1. The very purpose of identifying a “community” is to recognize some specific difference from the general population. The very definition of a “community” must exclude most people from it for it to even be a community.

2. If you think the OSR is too straight/white/male making too much straight/white/male stuff, well, even if that was 100% correct… where’s your supplement? Adventure? Version of The Rules?

Every one of us in the OSR had to decide that something that we wanted wasn’t being given to us, so we made it ourselves. And each of us continues to do our own thing. If you think that’s lacking in some way or another, that’s not our responsibility, it’s your opportunity.

The person responsible for making the things you really want to see is you. Embarrass us with your riches. We can’t stop you. In fact, we’re waiting for it. And you. Really. Step on up.

You know… if “step on up” is the answer when you’re sort of a niche of a niche in a scene that’s already a niche group… then how much more would it apply to a supposedly massive silent majority that’s perpetually put off by the social justice bias of Hollywood, publishing, and television?

Pulp Revolution and Winning

Mean things have been said!

But was saying mean things right back good enough? Not this time!

Jesse Abraham Lucus explains why:

Turns out there’s been a bit of a kerfuffle on Jeffro’s blog. Commenter with the username “Groffin” has laid down some harsh criticism of the movement. What stands out to me about Groffin’s comment, poking out from between the blackpill, is this:

And for all your glorification of the insular and self-aggrandizing indie-literature circuit, you have no minds of comparable skill or prestige, and will not for years and years if ever.

That hits me where it hurts. We don’t have writers like that. I’m far more optimistic than Groffin about our prospects, but the road to greatness is long and hard, and we don’t get there just by saying we’re getting there.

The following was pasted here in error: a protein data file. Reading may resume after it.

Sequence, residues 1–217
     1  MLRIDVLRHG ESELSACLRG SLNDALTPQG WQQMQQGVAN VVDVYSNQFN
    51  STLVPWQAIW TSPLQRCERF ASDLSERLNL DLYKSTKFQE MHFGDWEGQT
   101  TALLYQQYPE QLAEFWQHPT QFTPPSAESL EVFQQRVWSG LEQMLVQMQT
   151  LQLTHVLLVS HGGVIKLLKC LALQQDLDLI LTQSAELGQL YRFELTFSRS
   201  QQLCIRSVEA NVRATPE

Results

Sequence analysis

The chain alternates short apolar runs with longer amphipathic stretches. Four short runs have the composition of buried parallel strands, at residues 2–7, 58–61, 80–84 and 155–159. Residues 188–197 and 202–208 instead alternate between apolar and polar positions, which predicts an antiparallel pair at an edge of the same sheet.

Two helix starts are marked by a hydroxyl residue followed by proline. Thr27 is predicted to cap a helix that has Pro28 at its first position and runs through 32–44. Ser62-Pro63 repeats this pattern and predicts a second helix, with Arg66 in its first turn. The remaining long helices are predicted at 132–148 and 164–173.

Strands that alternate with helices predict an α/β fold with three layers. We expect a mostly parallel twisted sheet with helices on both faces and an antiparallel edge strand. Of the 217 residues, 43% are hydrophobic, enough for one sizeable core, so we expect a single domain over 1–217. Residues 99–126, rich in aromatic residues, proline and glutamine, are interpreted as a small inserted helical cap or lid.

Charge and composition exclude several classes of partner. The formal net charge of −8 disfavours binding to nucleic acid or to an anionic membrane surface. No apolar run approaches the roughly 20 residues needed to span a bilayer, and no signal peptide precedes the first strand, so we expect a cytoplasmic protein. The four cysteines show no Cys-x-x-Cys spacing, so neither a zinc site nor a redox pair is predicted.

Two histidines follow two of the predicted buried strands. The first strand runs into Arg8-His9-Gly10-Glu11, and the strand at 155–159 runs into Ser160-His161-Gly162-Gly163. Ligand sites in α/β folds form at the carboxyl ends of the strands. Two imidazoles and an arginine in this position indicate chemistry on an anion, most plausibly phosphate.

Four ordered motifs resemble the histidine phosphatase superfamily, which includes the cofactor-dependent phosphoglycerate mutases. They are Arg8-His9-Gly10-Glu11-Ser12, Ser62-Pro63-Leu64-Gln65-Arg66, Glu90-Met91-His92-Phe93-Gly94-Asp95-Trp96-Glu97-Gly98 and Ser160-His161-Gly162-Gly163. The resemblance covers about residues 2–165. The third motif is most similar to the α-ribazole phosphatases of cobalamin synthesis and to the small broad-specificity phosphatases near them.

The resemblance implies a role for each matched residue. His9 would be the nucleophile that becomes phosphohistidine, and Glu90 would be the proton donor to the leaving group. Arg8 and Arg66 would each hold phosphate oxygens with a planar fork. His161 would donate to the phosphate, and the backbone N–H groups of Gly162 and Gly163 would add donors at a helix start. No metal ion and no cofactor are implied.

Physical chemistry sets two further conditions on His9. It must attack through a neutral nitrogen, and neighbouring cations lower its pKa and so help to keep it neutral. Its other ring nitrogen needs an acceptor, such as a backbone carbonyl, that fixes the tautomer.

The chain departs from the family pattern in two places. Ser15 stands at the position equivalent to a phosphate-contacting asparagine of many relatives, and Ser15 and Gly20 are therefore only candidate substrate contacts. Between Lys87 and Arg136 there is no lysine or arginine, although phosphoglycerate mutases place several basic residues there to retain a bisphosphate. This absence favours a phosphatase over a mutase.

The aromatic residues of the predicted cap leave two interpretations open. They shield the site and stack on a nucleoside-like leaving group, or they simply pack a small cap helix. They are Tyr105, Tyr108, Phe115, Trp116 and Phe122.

“We don’t have writers like that.”

Hey, speak for yourself, guy. I sure as heck do. And I’m happy to name names, too.

If we can take it for granted that the past forty years has been a veritable Dark Age for science fiction and fantasy, then having P. Alexander’s Cirsova magazine has been an absolute godsend. Has it come close to the very best of the Weird Tales era? No one that I know of has argued that. But I believe he can go toe to toe with some of the better works in Andrew J. Offutt’s Swords Against Darkness series. More recently he has managed to go further and acquire stories that are on par with the better efforts you could find in Planet Stories.

You’d rather have the next H. P. Lovecraft? Well maybe he hasn’t arrive yet. But Misha Burnett‘s New Wave style handling of the Great Old One’s oeuvre  sure did manage to raise the bar on what I expect today’s short fiction authors.

Who has managed to capture some of the more thrilling qualities of Jack Vance and Robert E. Howard? Schuyler Hernstrom, hands down. Who has succeeded in imbuing his stories with the more compelling aspects of Lord Dunsany, C. S. Lewis, and 1930s space opera? John C. Wright. Who has diligently applied himself to reclaiming pulp era heroism and romance? Jon Mollison. Who has gone from making a work comparable to a short Andre Norton novel to recapitulating the fire of an early 1940’s Leigh Brackett? Dominka Lein!